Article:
From the Bible to Mark Twain, Notes On: “Well done, [thou] good and faithful servant”

Mathew 25: 21 [King James Version]

His lord said unto him, Well done, thou good and faithful servant: thou hast been faithful over a few things, I will make thee ruler over many things: enter thou into the joy of thy lord.

The Chicago Republican, May 19, 1868

[Courtesy of LOC &]

Once in Washington, during the winter, Riley a fellow-correspondent, who stayed in the same house with me, rushed into my room — it was past midnight — and said, “Great God, what can the matter be! What makes that awful smell?”

I said, “Calm yourself, Mr. Riley. There is no occasion for alarm. You smell about as usual.”

But he said there was no joke about this matter — the house was full of smoke — he had heard dreadful screams — he recognized the odor of burning human flesh. We soon found out that he was right. A poor old negro woman, a servant in the next house, had fallen on the stove and burned herself so badly that she soon died. It was a sad case, and at breakfast all spoke gloomily of the disaster, and felt low-spirited. The landlady even cried, and that depressed us still more. She said:

“Oh, to think of such a fate! She was so good, and so kind and so faithful. She had worked hard and honestly in that family for twenty-eight long years, and now she is roasted to death — yes, roasted to crisp, like 80 much beef.”

In a grave voice and without even the shadow of a smile, Riley said:

Well done, good and faithful servant !”

It sounded like a benediction, and the landlady never perceived the joke, but I never came so near choking in my life.

– End –

THE GALAXY, November 1870




[Courtesy & Google Books]

Riley has a ready wit, a quickness and aptness at selecting and applying quotations, and a countenance that is as solemn and as blank as the back side of a tombstone when he is delivering a particularly exasperating joke. One night a negro woman was burned to death in a house next door to us, and Riley said that our landlady would be oppressively emotional at breakfast, because she generally made use of such opportunities as offered, being of a morbidly sentimental turn, and so we would find it best to let her talk along and say nothing back — it was the only way to keep her tears out of the gravy. Riley said there never was a funeral in the neighborhood but that the gravy was watery for a week.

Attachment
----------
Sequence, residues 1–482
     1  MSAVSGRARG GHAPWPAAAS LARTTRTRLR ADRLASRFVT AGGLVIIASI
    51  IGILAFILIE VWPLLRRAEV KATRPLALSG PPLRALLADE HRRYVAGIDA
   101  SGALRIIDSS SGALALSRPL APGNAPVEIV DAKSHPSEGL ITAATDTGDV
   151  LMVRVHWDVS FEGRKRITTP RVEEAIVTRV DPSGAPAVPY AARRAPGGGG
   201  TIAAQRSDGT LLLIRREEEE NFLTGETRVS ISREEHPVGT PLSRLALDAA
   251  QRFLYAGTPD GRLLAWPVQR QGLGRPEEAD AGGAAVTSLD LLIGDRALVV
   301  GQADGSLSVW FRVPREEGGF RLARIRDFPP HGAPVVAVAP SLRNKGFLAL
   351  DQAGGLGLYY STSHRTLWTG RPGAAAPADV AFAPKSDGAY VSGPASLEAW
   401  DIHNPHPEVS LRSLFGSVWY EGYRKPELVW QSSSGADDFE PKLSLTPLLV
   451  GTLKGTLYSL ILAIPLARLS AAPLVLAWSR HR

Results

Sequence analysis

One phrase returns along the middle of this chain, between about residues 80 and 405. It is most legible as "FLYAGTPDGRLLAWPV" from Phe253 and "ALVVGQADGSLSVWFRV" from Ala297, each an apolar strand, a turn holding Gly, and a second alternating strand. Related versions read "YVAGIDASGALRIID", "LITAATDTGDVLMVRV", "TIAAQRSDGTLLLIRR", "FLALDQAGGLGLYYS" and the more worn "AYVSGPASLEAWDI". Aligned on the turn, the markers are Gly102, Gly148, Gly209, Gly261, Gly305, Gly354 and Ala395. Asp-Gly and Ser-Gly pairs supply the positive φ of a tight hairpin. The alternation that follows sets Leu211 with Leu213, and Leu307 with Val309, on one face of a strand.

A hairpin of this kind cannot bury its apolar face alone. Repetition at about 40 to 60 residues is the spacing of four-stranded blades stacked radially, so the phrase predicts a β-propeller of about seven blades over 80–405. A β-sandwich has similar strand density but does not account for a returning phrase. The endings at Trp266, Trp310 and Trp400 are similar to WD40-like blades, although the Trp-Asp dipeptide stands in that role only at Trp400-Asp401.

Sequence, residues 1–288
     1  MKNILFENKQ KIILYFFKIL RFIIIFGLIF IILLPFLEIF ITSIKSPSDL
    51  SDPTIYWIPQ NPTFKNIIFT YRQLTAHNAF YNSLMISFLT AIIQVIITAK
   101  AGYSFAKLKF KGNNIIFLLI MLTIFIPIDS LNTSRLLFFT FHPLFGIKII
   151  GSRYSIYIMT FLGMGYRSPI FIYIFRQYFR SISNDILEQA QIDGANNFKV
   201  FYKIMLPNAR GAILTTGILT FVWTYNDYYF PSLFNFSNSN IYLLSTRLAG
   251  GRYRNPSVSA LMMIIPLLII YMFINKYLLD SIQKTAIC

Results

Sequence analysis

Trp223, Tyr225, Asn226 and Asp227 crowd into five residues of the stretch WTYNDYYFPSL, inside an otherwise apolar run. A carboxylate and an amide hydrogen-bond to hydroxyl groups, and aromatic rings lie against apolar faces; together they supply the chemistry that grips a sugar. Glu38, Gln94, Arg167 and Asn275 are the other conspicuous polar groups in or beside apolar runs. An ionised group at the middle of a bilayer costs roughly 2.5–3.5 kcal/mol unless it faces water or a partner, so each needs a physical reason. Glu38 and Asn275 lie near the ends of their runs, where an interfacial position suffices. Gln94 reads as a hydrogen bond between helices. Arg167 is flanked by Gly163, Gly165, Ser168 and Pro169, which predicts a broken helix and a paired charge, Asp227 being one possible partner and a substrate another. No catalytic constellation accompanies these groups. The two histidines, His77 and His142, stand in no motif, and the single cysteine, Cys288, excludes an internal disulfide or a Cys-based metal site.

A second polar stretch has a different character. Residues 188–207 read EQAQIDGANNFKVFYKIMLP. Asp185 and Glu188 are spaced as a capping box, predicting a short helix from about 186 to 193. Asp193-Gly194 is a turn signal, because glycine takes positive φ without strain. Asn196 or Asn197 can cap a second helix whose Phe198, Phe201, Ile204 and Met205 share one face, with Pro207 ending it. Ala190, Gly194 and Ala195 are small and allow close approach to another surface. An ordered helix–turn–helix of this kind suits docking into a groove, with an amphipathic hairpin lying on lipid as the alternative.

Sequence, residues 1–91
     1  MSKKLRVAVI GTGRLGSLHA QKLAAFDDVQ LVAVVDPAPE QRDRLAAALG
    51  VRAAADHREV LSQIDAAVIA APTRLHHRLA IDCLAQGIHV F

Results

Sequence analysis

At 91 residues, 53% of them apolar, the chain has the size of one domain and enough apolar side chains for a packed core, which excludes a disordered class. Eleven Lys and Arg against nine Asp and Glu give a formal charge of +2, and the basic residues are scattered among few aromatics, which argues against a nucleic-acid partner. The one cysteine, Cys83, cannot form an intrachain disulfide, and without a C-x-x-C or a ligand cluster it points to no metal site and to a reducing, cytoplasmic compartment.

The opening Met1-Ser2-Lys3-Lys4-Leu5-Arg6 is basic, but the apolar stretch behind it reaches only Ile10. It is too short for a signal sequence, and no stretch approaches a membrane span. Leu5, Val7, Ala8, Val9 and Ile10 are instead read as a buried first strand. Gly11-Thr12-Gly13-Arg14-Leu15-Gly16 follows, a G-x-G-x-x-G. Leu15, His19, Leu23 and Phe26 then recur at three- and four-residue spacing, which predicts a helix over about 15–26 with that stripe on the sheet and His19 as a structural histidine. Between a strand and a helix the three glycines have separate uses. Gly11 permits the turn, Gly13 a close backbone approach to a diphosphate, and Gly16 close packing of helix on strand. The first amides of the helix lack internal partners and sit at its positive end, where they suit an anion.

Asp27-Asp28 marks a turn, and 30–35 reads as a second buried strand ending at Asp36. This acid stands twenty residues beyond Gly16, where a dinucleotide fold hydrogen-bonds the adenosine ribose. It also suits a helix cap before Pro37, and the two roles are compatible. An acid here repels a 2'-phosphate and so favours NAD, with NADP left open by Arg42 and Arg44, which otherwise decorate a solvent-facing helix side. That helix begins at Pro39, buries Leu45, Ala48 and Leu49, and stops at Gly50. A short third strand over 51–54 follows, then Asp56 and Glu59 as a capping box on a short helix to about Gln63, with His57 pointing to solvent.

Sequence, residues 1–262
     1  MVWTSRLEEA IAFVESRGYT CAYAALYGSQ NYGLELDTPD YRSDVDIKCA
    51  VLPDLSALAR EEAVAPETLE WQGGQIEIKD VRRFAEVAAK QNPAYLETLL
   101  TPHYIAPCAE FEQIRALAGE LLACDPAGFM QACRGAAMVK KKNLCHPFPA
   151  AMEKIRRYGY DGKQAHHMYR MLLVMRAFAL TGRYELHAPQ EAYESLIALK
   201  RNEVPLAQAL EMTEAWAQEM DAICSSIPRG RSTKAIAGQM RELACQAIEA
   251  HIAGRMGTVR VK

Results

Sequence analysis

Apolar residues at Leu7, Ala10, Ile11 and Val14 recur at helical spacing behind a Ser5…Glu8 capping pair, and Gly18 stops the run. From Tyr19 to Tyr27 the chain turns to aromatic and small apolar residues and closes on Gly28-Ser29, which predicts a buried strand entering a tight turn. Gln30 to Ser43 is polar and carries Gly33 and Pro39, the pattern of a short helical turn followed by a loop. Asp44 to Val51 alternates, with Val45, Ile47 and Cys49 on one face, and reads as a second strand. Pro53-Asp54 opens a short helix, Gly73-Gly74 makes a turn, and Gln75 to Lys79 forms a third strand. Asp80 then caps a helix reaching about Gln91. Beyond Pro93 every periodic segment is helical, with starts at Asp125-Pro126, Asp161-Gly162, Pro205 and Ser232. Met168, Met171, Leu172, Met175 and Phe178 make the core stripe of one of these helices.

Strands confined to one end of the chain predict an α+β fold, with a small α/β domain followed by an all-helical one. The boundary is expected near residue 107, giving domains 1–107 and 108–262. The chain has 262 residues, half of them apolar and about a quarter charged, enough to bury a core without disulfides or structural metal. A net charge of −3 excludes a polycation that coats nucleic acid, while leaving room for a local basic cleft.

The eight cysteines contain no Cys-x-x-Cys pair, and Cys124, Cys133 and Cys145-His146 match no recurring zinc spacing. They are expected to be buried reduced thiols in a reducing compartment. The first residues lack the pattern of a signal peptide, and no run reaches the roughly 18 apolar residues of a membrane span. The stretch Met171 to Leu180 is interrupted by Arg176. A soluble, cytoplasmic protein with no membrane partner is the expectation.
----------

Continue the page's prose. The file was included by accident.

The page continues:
And sure enough, at breakfast the landlady was down in the very sloughs of woe — entirely broken-hearted. Every thing she looked at reminded her of that poor old negro woman, and so the buckwheat cakes made her sob, the coffee forced a groan, and when the beefsteak came on she fetched a wail that made our hair rise. Then she got to talking about deceased, and kept up a steady drizzle till both of us were soaked through and through. Presently she took a fresh breath and said, with a world of sobs:

“Ah, to think of it, only to think of it! — the poor old faithful creature. For she was so faithful. Would you believe it, she had been a servant in that self-same house and that self-same family for twenty-seven years come Christmas, and never a cross word and never a lick! And oh to think she should meet such a death at last! — a-sitting over the red-hot stove at three o’clock in the morning and went to sleep and fell on it and was actually roasted! not just frizzled up a bit, but literally roasted to a crisp! Poor faithful creature, how she was cooked! I am but a poor woman, but even if I have to scrimp to do it, I will put up a tombstone over that lone sufferer’s grave — and Mr. Riley, if you would have the goodness to think up a little epitaph to put on it which would sort of describe the awful way in which she met her –”

“Put it ‘Well done, good and faithful servant!’ ” said Riley, and never smiled.

[I have either printed that anecdote once before or told it in company so many thousand times as to carry that seeming to my mind, but it is of no consequence — it is worth printing half a dozen times.]

– End –

This story was included in Mark Twain’s Sketches, New & Old (1875)

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